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CsQuery.MvcApp.Tests
CsQuery.MvcApp
CsQuery.MvcApp.sln
CsQuery.MvcApp.vsmdi
Local.testsettings
README.md
TraceAndTestImpact.testsettings

README.md

##Sample MVC Application

This application contains a simple framework that lets you pipeline CsQuery into view rendering so you can perform manipulation of the HTML before it is finally rendered. This works by replacing the default view engine & controllers. The app shows a few things you can do with this.

Instructions for using this are below. To see how it works, just to look at the example app, especially the HomeController.cs and AboutController.cs classes.

####Configuration

You'll need to copy several classes to your application. They are all found in the CsQueryView folder of the sample app:

CsQueryViewEngine.cs
CsQueryView.cs
CsQueryController.cs
ICsQueryController.cs

Next, replace the default Razor engine with the CsQuery implementation, just add these two lines to Application_Start(). This won't change anything unless you specifically invoke CsQuery methods as described later.

ViewEngines.Engines.Clear();
ViewEngines.Engines.Add(new CsQueryViewEngine());

####Using It

To create a controller that can use CsQuery, just implement ICsQueryController in any controller. This exposes a new member of the controller:

public CQ Doc;

Alternatively, just inherit CsQuery.Mvc.CsQueryController instead of the default Controller.

You can create action methods that being with Cq_ which will be called after the ActionResult is returned from an action. For example,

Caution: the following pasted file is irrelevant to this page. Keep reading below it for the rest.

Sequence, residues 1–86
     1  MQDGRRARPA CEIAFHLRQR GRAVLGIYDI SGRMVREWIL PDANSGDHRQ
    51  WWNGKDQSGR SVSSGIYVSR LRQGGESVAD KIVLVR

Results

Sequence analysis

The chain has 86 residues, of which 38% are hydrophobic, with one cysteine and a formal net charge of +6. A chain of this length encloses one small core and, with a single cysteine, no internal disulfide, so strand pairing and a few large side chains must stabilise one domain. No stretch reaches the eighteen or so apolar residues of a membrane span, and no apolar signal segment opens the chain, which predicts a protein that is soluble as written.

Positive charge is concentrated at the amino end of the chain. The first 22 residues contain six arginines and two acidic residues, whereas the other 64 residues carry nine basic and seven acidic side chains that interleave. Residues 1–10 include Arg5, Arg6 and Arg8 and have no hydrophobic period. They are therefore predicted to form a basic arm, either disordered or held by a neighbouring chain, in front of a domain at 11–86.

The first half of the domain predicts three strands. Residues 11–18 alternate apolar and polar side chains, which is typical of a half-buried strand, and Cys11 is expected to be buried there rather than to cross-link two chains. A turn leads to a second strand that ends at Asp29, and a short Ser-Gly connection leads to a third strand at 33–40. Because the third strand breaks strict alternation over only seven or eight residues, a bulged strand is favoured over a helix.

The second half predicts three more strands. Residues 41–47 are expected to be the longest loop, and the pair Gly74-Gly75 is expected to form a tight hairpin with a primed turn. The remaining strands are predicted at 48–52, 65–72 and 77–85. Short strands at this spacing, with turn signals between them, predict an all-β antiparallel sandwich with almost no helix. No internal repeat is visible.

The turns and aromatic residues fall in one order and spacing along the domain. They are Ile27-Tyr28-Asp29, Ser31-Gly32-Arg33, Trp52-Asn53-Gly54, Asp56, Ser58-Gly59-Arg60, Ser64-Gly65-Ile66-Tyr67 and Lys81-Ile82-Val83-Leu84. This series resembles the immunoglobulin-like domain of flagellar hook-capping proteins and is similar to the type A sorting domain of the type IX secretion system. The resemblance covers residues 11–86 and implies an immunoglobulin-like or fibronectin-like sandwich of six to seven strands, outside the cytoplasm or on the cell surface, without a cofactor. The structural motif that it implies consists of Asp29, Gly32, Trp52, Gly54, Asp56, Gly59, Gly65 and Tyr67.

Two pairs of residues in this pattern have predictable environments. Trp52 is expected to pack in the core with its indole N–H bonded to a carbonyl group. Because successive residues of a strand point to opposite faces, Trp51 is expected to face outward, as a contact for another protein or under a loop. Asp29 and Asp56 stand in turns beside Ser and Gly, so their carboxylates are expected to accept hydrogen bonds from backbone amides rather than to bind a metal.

public void Cq_Index() { .. }

would be called whenever the action associated with the view Index was invoked. The Doc object will be populated with the HTML rendered from the action, which you may manipulate before it is output to the client.

You can also bind CsQuery actions to partial views:

public void Cq__LogOnPartial(CQ doc)

would be called for the rendering of the default _LogOnPartial view. The CQ object passed as its single parameter contains only the markup from the partial view. Note that in the default MVC3 template, this view is actually Shared\_LogOnPartial.cshtml. The CsQuery controller lets you match just the view name without the full path or the cshtml extension. If this happened to be ambigious you can include the full path using underscores instead of slashes:

public void Cq_Shared__LogOnPartial(CQ doc)

You can also create a method bound to a partial view only for a specific action, e.g.

public void Cq_Index__LogOnPartial(CQ doc)

will only be called for the Index action.

There are also two general purpose methods available:

public void Cq_Start() { ... }
public void Cq_End() { ... }

The Cq_Start method will be called before the action-specific method in a given controller regardless of the action; the Cq_End method likewise will be called afterwards. All the Cq methods are always called after any code is executed in the real action however - this handling doesn't begin until the ActionResult is returned.

For example, this code would put a border around every div:

public class HomeController : CsQueryController
{
    public ActionResult Index()
    {
        ViewBag.Message = "Welcome to ASP.NET MVC!";
        return View();
    }

    // Method is called after Index() returns its results with 
    // the Doc property populated by the HTML before it's rendered

    public void Cq_Index() {
        Doc.Find("div").Css("border", "1px solid red;");
    }
}

If you wanted something to run after all other CsQuery processing for all methods of this controller, e.g. some general-purpose page setup, add a start or end method:

public void Cq_End() {
    // remove any invisible divs. They won't be needed.
    Doc["div:hidden"].Remove();
}